Teacher Feature: Estherlene Moya, English Language Center Instructor
- Jan 24, 2022
- English Language Center
- Ellen Stader
Besides exemplary language learning, the English Language Center (ELC) at The University of Texas at Austin offers comprehensive social and cultural immersion activities. These set it apart from other English as a Second Language (ESL) programs, as does its exceptional faculty. This profile delves into the teaching experience of Estherlene Moya, one of the ELC’s most esteemed instructors.
How did you become a teacher at UT Austin’s English Language Center?
By the time I was hired at the ELC, I already had a long history as an ESL teacher at Crockett High School in Austin and the EF International School at Southwest Texas State University (now Texas State University). I also taught and worked as a program coordinator and supervisor at the Texas Intensive English Program (TIEP).
I made lasting friends and learned from some of the best in the ESL field during my time at the EF International School and TIEP. However, I still am thankful to have hit the Send button to ask [ELC Director] Mike Smith for an interview. When he set up the interview, I was ecstatic. Being hired at that stage of my career both invigorated and scared me. I’ve never regretted the move.
How long did you teach at the ELC, and when did you leave?
I taught at the ELC for 10 years before I retired in May 2017. However, I became a “retire-rehire,” which allowed me to keep a toe in the international waters, so to speak. The last class I taught was in 2020. After that, we were faced with the pandemic, and retirement was exactly where I wanted to be.
What is your best teaching memory?
Finding a “best” memory over so many years is difficult, for I’ve had lots of amazing teaching memories. However, a couple stand out:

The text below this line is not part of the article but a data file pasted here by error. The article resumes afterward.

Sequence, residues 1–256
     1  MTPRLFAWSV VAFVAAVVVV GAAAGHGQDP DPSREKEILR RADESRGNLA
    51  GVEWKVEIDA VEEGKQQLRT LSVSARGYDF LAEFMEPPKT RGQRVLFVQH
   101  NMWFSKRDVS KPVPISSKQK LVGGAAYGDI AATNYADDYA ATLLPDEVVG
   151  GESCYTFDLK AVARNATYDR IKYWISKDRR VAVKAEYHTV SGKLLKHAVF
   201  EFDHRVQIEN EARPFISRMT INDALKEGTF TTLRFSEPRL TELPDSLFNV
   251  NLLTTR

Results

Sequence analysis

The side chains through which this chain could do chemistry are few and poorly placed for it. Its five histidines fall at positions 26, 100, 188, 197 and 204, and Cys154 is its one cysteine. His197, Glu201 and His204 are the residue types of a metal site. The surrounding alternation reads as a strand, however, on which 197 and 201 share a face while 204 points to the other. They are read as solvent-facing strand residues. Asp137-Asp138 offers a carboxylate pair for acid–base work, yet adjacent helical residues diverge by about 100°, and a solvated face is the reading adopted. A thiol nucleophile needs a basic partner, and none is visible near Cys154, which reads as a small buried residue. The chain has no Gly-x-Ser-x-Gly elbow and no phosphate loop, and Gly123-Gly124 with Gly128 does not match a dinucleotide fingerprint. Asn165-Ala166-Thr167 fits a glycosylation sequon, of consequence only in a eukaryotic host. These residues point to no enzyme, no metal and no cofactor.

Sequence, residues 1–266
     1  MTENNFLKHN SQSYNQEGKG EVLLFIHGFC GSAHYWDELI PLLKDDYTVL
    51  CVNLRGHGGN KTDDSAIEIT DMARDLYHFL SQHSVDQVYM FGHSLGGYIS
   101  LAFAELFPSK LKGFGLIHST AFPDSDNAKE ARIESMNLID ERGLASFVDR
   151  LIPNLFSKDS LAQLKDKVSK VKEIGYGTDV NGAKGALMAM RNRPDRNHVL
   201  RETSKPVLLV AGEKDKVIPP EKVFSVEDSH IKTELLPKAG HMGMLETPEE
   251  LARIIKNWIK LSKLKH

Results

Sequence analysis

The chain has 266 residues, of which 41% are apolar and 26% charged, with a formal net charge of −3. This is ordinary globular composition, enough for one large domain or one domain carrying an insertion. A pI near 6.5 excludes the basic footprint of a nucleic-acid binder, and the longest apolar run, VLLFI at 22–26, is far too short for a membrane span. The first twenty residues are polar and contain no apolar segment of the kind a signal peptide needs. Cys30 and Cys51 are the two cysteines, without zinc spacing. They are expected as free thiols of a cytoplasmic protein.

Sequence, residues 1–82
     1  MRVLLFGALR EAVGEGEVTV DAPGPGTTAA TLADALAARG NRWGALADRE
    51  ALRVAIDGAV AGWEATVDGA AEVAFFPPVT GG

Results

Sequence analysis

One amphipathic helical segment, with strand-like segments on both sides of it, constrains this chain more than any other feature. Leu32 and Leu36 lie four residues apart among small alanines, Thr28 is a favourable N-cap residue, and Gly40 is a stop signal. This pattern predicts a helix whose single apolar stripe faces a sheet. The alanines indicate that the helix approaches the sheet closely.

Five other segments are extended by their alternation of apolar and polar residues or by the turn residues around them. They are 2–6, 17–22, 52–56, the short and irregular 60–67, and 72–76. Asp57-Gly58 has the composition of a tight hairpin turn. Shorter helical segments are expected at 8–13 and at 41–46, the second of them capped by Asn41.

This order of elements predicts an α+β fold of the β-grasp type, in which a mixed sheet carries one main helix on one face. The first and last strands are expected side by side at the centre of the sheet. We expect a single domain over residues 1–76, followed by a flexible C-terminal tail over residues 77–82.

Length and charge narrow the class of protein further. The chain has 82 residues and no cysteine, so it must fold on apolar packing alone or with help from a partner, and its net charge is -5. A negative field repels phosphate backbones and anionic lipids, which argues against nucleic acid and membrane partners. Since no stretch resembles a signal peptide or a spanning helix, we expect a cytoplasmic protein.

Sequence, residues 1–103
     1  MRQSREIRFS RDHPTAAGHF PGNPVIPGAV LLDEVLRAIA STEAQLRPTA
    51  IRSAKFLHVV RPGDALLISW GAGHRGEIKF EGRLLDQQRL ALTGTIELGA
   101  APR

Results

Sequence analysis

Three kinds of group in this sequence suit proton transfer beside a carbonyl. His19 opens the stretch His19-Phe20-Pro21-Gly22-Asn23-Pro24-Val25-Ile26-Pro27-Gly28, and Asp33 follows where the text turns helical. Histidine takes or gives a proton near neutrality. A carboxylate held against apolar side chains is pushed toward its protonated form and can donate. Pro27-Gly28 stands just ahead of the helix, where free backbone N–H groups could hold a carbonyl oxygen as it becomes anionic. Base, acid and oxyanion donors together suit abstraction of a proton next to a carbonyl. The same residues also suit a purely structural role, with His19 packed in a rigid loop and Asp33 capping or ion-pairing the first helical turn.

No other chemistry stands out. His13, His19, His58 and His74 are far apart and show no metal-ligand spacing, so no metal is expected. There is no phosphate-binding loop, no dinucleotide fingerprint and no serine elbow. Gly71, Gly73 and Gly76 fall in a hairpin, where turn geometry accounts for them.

First, at the ELC, a colleague and I developed a writing course that challenged students to find the words to express feelings, which is quite difficult in a foreign language. They would look at me with skepticism when I would tell them to “just start writing.” However, by the end of the course, they could easily write 500-700 words without blinking. The resulting stories about their families or the challenges they faced in their home countries and the U.S. touched me in profound ways. Their joy and pride in how far their writing had come in 14 weeks was a gift.
A second memory was of working with many Arabic speakers, some with near-native proficiency in English and others who could barely eke out a few words. I encouraged Mike Smith to add a Foundations course to give the beginning students more contact with English and help them understand the process of applying to American universities. What an adventure, to see their smiles when they began to understand and make those connections. I would see students go from Level 1 proficiency to being accepted into American universities. Amazing!
What has teaching taught you?
In Robert Burns’ poem “To a Mouse,” he writes:
The best laid schemes o’ Mice an’ Men / gang aft agley
No matter how well we plan, there’s no guarantee of success. Coming to terms with that reality helped me understand teaching. I could plan an immaculate, perfect lesson, and it would be a total bust in the class. Other times, I’d just have some notes scribbled on a sheet, and somehow it worked like a charm. One does one’s best and hopes that the plans don’t “gang aft agley” too much.
What did you learn over the years that you didn’t know when you started teaching?
I didn’t realize how all-consuming it can be. I had no clue in the beginning that I would have to literally tell my mind to stop thinking about teaching or an upcoming lesson. Sometimes I’d wake up in the middle of the night to write down an idea.